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Bypassing leave makes you look suspicious, says HR professional

By Peter Theuri | May 29th 2021


Chapter 226 of the Employment Act states that an employee shall be entitled, after every twelve consecutive months of service with his employer, to not less than twenty-one working days of leave with full pay.

Monicah Karanja, head of Human Resource and Administration at Octagon Africa, doubts the balance between work and rest is possible.

Self-employed people seem to have a lot of freedom of making choices, so do they go for leave?

“Self-employed people do not even go for leave. They do not want to leave their businesses and go anywhere,” she says.

It is, however, advisable to go for leave, Ms Karanja insists; both for mental and emotional wellness. The body, too, reenergises.  

With Covid-19, there are fewer people going for leave. Working from home has been, itself, leave.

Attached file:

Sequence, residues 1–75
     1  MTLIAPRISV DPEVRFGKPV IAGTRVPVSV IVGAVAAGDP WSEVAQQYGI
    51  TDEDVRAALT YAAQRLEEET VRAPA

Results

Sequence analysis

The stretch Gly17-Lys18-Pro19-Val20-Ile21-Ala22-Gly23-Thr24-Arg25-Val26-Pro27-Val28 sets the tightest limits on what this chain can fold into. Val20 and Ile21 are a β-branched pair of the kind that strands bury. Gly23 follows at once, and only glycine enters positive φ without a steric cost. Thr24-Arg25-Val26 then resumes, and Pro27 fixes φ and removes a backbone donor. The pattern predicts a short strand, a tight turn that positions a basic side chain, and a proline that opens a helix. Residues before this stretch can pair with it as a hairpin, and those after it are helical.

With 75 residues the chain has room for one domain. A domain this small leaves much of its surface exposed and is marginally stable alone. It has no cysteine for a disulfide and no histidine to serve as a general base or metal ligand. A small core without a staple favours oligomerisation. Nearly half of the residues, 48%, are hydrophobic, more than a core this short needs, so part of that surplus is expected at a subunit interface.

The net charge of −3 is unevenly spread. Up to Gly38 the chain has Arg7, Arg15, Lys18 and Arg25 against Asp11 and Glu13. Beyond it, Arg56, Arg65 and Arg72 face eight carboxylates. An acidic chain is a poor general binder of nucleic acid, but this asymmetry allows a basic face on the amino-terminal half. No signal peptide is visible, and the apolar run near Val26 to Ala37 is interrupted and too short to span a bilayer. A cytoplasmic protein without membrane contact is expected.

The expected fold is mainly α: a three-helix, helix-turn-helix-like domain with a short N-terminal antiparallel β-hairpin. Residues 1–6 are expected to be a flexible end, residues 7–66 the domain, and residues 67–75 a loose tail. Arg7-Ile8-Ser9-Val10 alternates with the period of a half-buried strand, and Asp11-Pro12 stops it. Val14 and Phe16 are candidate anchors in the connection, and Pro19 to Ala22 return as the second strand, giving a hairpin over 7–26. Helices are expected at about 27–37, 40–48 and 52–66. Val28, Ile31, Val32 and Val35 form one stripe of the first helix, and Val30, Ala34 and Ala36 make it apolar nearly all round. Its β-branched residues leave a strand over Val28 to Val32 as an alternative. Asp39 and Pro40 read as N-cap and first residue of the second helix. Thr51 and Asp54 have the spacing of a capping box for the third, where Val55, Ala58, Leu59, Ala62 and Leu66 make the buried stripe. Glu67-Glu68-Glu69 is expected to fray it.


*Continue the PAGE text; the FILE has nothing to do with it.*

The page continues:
“People no longer feel the need to take leave. If your aim for it was to just be home and away from the office, why take it when you spend all your time indoors?”

It has been left to human resource managers to try beg people into taking leave. Organisations have to enforce it to cut on that liability.

Ms Karanja also says that employees who do not want to go on leave are seen as non-compliant, and companies fear that medical bills on them could rise as they take themselves through mental and emotional torture.

“It is also feared they could be avoiding auditing as most of the auditing is done when employees are away. Some engage in malpractices and fear auditing.”

Much as employees would assume that not taking leave and perennially being in the workplace makes them more attractive to their bosses, Ms Karanja has a different opinion.

“It is about working smart, not hard. Productivity should be measured by the output not by the hours put in.”

“An organization that sees workers abdicate leave shows that it has problems with HR succession planning, where when one employee is not in no one can stand in for them,” says Ms Karanja.

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